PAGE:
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Maecēnas, Gāius

Oxford Dictionary of the Classical World
John RobertsJohn Roberts

Maecēnas, Gāius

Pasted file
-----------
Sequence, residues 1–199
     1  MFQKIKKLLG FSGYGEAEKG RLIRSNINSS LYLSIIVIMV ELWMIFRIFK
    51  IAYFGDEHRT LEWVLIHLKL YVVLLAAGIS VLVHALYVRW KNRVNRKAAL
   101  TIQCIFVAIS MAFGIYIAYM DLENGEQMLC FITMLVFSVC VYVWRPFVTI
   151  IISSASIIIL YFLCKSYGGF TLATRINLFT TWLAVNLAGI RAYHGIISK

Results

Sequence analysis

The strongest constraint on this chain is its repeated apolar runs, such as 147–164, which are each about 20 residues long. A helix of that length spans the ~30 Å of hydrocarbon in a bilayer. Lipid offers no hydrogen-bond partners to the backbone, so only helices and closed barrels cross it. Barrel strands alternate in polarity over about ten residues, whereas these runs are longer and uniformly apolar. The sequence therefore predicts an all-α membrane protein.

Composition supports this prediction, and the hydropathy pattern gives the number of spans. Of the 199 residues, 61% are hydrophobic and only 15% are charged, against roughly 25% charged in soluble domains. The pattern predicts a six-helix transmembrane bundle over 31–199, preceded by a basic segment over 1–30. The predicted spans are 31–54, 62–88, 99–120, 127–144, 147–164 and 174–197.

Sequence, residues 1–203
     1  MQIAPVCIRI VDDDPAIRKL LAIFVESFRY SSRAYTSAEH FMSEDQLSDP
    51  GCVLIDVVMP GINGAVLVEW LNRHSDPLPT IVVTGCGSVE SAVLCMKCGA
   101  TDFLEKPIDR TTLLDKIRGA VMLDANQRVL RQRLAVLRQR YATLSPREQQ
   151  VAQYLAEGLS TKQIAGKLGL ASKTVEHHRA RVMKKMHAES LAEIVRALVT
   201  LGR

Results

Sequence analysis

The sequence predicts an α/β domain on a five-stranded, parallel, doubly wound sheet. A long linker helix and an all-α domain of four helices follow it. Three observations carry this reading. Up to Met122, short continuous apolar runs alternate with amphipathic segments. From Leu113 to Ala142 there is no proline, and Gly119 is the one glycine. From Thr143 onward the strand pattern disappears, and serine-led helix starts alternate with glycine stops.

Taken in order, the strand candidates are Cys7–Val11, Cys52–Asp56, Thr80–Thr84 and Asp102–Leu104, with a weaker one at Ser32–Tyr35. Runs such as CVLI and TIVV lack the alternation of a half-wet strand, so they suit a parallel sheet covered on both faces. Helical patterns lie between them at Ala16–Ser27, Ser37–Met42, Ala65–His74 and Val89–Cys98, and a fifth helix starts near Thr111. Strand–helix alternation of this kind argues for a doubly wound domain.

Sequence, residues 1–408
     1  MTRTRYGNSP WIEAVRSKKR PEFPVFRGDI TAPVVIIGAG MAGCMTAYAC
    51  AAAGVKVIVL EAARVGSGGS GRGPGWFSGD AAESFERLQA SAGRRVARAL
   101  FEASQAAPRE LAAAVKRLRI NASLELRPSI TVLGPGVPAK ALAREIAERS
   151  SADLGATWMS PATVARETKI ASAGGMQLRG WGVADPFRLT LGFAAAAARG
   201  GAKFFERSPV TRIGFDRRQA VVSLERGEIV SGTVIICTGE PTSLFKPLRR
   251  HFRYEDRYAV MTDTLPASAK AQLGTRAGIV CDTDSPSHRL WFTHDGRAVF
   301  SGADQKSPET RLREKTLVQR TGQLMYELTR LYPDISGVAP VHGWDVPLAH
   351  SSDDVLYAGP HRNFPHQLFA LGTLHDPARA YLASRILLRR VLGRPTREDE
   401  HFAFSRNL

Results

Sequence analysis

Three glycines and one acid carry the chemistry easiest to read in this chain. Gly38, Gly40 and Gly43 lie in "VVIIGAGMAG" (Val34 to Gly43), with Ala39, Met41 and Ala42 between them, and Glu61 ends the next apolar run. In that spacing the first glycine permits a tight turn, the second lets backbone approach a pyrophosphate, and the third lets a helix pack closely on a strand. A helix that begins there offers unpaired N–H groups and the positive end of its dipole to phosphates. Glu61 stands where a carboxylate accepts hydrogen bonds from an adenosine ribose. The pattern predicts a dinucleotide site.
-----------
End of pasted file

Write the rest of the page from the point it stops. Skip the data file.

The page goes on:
(year of birth unknown). Among Octavian's earliest supporters—he fought at Philippi—he was his intimate and trusted friend and agent. (See Augustus.) His high position rested entirely on this: he never held a magistracy or entered the senate, remaining an equestrian. He arranged Octavian's marriage with Scribonia, and represented him at the negotiations of the pact of Brundisium (40 bc) and that of Tarentum (37), when he took along his poets (Horace, Satires 1. 5). He went as envoy to Marcus Antonius (Mark Antony) in 38, and in 36–33 and 31–29 he was in control of Rome and Italy in Octavian's absence, an unprecedented position: ‘no title, only armed power’. In 30, claiming to uncover a conspiracy, he executed the son of the triumvir Aemilius Lepidus (2). His enormous wealth must derive partly from the confiscations. He bequeathed the emperor everything, including his magnificent house and grounds on the Esquiline. Many inscriptions survive of his slaves and freedmen. Maecenas was famous, or notorious, for his luxury: wines, gourmet dishes, gems, fabrics, and love affairs (that with the dancer Bathyllus became scandalous). Astute and vigorous at need, he cultivated an image of softness. His name became proverbial as the greatest patron of poets (see patronage, literary). He is the dedicatee of Virgil's Georgics. Virgil introduced Horace, who dedicated to Maecenas Satires 1, Epodes, Odes 1–3, and Epistles 1. Maecenas gave Horace his Sabine estate. Horace gives the fullest picture of Maecenas and his circle. Maecenas wrote poems which recall the metres and to some extent the manner of Catullus: extant fragments of two are addressed to Horace, intimate in tone. He also wrote in prose. His style was criticized for affectation. The fragments contain no trace of politics, but Maecenas must have been influential in inducing Virgil, Horace, and even Propertius to express support for the regime and the values it fostered. He was an important intermediary between princeps and poets, who lost contact after his death. His wife Terentia, eventually divorced, was Terentius Varro Murena's sister; apparently Maecenas, departing from his usual discretion, warned her of the detection of her brother's conspiracy (22). Thereafter his relations with Augustus, never openly impaired, seem to have been less close. He died in 8 bc.